You are going to the doctor for a medication or procedure you need to live a happier, healthier life. Your doctor approves… but your insurance does not.
This happens frequently. A recent New York Times article, for example, highlighted how patients who qualified for a new weight-loss drug were denied coverage by their healthcare company. Insurers claimed the treatment was just for vanity, essentially implying that people should try to lose weight on their own; doctors said the drug could save the lives of their obese patients struggling with their weight.
Legally, insurance companies can get away with these types of weight-based assessments.. Weight discrimination is legal in 49 states – all except Michigan.
This specific dilemma arises for overweight or obese people who also seek other types of treatment: IVF, breast reductions, joint replacements, organ transplants, etc. Some doctors may claim that medication for these problems may be “too risky” to try if you are over a certain weight. Others might run into trouble with their insurance agency, which might claim the treatment is “useless” if you haven’t tried to lose weight on your own first.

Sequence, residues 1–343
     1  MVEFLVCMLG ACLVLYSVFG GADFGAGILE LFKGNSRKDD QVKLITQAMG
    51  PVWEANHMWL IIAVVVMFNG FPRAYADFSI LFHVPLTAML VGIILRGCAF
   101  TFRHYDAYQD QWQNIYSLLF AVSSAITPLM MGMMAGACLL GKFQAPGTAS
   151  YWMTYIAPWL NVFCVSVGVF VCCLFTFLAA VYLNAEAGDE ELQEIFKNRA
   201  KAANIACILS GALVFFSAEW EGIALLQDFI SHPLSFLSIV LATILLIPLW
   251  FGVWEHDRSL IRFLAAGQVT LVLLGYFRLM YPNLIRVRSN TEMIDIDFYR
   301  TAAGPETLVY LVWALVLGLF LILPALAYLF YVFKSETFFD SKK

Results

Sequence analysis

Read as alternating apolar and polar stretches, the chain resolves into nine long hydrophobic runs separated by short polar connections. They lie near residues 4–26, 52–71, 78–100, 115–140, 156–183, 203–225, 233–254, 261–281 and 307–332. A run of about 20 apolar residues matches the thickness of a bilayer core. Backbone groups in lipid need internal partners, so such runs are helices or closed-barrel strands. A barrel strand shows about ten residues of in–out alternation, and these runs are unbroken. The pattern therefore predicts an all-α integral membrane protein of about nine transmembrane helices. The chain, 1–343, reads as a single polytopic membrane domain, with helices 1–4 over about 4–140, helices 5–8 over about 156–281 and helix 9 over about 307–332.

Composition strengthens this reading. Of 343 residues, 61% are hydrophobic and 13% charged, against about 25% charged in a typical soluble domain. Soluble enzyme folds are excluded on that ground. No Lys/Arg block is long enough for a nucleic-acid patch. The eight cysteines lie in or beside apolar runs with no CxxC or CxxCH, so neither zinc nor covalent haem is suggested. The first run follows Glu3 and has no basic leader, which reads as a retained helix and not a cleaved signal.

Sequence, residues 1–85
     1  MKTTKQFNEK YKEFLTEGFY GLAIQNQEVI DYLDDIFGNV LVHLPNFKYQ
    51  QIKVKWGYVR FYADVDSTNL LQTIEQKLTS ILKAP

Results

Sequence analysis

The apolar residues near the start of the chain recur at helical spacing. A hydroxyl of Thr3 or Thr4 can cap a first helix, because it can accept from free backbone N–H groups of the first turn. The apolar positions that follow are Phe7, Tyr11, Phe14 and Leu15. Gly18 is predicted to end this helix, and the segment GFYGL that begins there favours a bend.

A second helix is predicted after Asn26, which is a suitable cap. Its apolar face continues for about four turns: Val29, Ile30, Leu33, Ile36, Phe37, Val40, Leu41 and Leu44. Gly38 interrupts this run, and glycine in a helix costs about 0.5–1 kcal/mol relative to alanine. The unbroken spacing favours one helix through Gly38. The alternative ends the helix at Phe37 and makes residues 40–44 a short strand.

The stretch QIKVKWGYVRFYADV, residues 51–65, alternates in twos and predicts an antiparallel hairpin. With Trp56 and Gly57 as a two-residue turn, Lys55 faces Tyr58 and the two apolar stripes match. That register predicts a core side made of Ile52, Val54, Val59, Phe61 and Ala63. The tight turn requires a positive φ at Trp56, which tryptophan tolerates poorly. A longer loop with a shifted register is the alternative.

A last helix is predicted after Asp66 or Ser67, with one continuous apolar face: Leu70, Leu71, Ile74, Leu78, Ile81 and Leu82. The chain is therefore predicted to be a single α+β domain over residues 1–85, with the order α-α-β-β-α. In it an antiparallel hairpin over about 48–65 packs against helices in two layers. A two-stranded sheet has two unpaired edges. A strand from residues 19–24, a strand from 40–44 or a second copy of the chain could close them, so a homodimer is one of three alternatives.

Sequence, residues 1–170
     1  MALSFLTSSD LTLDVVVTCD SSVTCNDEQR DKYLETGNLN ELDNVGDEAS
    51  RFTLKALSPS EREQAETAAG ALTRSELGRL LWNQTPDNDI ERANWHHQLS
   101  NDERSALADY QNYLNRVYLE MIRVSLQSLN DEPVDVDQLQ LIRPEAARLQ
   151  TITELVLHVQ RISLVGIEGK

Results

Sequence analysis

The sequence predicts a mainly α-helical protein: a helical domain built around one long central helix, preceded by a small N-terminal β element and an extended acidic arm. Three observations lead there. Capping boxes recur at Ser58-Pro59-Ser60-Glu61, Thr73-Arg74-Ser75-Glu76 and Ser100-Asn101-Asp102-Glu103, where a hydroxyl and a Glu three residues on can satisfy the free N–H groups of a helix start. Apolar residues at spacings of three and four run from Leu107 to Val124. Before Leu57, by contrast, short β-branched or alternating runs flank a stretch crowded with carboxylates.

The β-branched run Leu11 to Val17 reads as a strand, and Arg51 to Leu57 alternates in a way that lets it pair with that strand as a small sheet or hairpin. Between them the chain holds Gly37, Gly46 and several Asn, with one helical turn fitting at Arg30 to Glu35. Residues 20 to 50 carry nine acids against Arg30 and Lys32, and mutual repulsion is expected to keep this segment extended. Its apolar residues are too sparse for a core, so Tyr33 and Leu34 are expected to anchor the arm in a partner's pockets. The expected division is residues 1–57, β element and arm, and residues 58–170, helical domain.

But losing weight is not that easy. So many factors play a role in weight — genetics, medications, where you live, your cultural background and more — which means it’s not just an ‘eat less and move more’ situation. In reality, even if we all ate and did the same thing, we would still see different numbers on the scale. Oeight does not automatically determine if someone is healthy.
Additionally, attempts to lose weight can be triggering (and even dangerous) for some people. Studies show dieting is the strongest predictor of an eating disorderand eating disorders are the second deadliest mental illness.
But tell all this to your insurance company? It’s exhausting – and maybe not even effective, unfortunately. So what can you do if you want treatment for a certain condition but it won’t be covered due to your weight? And how can you deal with the emotional toll of it all? Here are a few tips :
Find the right doctor
Some doctors are more passionate (and experienced) about weight stigma. Tory Stroker’s Nutrition Blog has several resources who can help you find one in your area.
“My number one recommendation would be to find a doctor (or other health care provider) who will advocate for you with insurance companies,” said Christine Byrnea anti-diet dietitian and journalist. “They speak the language of insurance better than the average consumer, so they might be able to present a more effective pitch for your coverage.”